According to California penal code 487, Grand Theft falls under two distinct subdivisions. Subdivision 487(a) simply states that Grand Theft is committed when the money, labor, or property taken exceeds $950. Subdivision 487(b) is more complex and details instances where Grand Theft is committed even when the monetary value doesn’t reach $950. Cases of this violation may include:
Also known as an alternative felony/misdemeanor offense, Grand Theft in California is a wobbler charge. This means that the crime can be charged as either a misdemeanor or felony. Typically, it’s up to the judge or jury to determine if a felony is warranted or if the perpetrator can get off with a lighter sentence.
The main difference between a felony and a misdemeanor is that a felony carries more severe charges. For example, the most severe misdemeanor results in a maximum of one year of prison time. Conversely, felony charges start out at more than one year, shoot up to ten years then 25 years, and may even include life in prison or the death penalty.
When it comes to Grand Theft there are a few factors that can determine whether or not a charge is a felony. The violations in penal code 487(b) are deemed to be more serious and thus are likely to be felonies. Other factors that a judge may consider include the following:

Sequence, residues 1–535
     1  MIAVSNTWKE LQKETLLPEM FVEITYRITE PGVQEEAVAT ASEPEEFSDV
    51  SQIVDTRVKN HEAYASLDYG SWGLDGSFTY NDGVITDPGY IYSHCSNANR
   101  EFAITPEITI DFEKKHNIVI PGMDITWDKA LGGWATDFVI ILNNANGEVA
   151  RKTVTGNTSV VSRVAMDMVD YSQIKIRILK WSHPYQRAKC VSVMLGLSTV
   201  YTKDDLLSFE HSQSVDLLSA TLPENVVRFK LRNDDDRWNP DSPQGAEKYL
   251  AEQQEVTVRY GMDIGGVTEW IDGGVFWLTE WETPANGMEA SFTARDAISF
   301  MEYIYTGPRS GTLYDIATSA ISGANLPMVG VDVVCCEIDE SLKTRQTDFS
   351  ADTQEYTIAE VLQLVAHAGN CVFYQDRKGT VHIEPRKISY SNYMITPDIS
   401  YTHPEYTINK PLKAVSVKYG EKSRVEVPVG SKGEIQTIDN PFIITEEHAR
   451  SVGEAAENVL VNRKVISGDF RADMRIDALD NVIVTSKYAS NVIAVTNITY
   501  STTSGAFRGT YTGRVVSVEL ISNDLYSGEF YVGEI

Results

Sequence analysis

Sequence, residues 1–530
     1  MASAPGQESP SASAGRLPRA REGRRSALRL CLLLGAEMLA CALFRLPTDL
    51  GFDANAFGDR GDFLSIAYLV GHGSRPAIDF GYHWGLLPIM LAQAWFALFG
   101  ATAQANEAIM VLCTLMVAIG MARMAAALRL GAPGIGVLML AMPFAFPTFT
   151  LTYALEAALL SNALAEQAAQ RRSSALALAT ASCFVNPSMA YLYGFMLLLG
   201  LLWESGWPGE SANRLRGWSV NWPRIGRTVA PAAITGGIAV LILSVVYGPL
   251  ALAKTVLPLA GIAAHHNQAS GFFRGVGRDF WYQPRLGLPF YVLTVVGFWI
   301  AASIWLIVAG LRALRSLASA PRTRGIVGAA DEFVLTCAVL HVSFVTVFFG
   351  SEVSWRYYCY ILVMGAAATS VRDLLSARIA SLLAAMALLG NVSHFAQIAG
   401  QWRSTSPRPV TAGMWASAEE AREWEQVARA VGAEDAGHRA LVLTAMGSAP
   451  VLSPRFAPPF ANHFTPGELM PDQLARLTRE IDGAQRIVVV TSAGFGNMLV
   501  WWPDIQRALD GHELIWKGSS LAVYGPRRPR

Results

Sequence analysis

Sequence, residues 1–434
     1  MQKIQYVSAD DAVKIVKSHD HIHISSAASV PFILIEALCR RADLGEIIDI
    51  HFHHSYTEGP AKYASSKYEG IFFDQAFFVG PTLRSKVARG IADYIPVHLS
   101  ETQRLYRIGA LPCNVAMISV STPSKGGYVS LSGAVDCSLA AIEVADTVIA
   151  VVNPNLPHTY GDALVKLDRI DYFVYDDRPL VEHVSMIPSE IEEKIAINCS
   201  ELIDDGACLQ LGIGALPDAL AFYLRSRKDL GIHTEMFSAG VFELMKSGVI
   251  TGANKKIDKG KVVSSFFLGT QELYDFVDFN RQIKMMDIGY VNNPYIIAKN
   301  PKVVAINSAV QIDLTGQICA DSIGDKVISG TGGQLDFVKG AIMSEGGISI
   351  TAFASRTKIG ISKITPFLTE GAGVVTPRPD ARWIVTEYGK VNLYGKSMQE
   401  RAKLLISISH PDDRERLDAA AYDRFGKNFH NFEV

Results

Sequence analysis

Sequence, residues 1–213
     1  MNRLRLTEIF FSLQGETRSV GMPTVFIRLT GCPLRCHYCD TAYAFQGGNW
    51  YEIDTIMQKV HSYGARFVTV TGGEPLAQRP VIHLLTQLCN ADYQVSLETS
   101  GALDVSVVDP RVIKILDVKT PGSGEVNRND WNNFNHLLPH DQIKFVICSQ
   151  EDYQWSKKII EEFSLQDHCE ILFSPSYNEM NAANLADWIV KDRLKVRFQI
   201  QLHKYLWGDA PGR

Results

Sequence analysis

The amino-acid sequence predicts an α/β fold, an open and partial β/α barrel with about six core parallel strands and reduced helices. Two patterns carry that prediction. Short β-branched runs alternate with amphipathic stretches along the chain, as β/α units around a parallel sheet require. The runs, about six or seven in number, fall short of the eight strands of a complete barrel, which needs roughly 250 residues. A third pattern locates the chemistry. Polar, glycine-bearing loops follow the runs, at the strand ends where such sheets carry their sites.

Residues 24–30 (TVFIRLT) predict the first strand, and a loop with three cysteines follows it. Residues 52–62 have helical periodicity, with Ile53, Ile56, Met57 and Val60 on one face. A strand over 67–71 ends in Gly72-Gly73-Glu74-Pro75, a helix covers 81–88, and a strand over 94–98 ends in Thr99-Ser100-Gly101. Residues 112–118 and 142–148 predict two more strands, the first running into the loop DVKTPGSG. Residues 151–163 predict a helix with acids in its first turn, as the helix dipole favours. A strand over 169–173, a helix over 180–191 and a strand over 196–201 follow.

The prosecutor may try to prove to the judge or jury that your crime fell under one of these instances. In particular, a specific intent to steal can be tricky as the prosecutor can make their case through circumstantial evidence such as how you concealed the item or what you did with it once it was in your possession.
That is why it’s crucial to enlist the help of an experienced grand theft attorney. They can help fight on your behalf and get your initial charge down to a misdemeanor.